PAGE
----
The defendant answered the complaint setting forth affirmative defenses and a counterclaim for P930 as damages and praying for the dismissal of plaintiff’s action. After hearing the Court rendered decision only July 20, 1954, the dispositive part of which is as follows:jgc:chanrobles.com.ph

"IN VIEW OF THE FOREGOING, the Court hereby renders judgment in favor of the plaintiff and against the defendant, sentencing the latter to pay the former the following: (1) For medicine, doctor’s fees for services rendered and transportation, P700; (2) professional fee as attorney for the defendant in Criminal Case No. 364, ’People v. Manolo Maddela Et. Al.’ of the Court of First Instance of Nueva Vizcaya, P3,000; (3) professional fees as attorney for the defendant in Civil Case No. 23891 of the Municipal Court of Manila, ’Virginia Tangulan v. Leonel da Silva,’ and for the taking of the deposition of Gabina Angrepan in a case against the Philippine National Bank, P200; and (4) moral damages in the amount of P2,000.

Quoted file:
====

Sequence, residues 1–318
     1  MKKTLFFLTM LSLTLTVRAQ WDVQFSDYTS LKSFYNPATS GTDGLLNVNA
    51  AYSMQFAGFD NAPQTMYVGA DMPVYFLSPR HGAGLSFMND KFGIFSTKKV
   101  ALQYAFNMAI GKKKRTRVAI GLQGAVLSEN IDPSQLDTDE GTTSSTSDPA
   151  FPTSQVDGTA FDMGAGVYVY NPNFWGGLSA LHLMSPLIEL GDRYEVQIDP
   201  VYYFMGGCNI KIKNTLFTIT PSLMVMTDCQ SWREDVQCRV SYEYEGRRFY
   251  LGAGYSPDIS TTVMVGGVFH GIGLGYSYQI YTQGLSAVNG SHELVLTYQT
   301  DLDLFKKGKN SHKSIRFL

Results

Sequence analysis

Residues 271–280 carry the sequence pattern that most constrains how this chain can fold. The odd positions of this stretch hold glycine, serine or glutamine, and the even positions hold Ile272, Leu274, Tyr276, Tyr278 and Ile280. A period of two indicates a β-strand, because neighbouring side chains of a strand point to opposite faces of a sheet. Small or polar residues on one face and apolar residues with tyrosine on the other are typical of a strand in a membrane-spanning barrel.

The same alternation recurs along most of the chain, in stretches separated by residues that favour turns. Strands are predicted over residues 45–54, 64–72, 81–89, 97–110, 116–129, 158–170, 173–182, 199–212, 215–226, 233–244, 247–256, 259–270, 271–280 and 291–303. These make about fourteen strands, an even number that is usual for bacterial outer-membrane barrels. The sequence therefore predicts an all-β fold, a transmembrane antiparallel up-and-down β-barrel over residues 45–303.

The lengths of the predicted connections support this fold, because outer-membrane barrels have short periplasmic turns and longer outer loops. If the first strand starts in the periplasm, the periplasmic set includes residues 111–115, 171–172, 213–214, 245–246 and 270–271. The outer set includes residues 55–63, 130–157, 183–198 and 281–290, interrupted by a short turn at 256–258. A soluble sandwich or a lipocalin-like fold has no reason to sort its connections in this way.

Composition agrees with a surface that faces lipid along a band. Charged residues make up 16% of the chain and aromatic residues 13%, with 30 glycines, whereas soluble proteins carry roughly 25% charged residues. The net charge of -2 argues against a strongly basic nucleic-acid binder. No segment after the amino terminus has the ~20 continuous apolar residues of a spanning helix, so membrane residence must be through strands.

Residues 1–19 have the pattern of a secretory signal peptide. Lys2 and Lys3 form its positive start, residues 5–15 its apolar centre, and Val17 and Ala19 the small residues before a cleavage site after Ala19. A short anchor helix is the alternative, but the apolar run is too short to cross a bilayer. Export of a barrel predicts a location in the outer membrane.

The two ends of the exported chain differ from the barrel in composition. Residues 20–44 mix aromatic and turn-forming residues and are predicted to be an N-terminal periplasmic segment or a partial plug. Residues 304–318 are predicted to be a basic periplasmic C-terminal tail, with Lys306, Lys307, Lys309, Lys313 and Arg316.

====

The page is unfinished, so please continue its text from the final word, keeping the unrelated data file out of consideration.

Defendant’s counterclaim is hereby dismissed.

Defendant shall also pay the costs."cralaw virtua1aw library

From this decision both parties appealed to Us, plaintiff limiting his appeal to the part of the decision which refers to the moral damages awarded to him which he considered inadequate, and to the failure of said judgment to grant the attorney’s fees asked for in the prayer of his complaint. Defendant in turn alleges that the trial Court erred in awarding to the plaintiff the following:jgc:chanrobles.com.ph

"(1) P700 — for medicine, doctor’s fees and transportation expenses;

(2) P3,000 — as supposedly unearned full professional fees as attorney for the defendant in Criminal Case No. 364, ’People v. Manolo Maddela Et. Al.’;

(3) P200 — as supposedly unearned professional fees as attorney for the defendant in Civil Case No. 23891 of the Manila Municipal Court, ’Virginia Tangulan v. Leonel de Silva’, and for failure to take the deposition of a certain Gabina Angrepan in an unnamed case; and

(4) P2,000 — as moral damages, amounting to the grand total of P5,900, these amounts being very much greater than what plaintiff deserves."cralaw virtua1aw library

In connection with his appeal, plaintiff calls attention to the testimonies of Dr. Modesto S. Purisima and of Dr. Francisco Aguilar, a member of the staff of the National Orthopedic Hospital, which he considers necessary as a basis for ascertaining not only the physical sufferings undergone by him, but also for determining the adequate compensation for moral damages that he should be awarded by reason of said accident.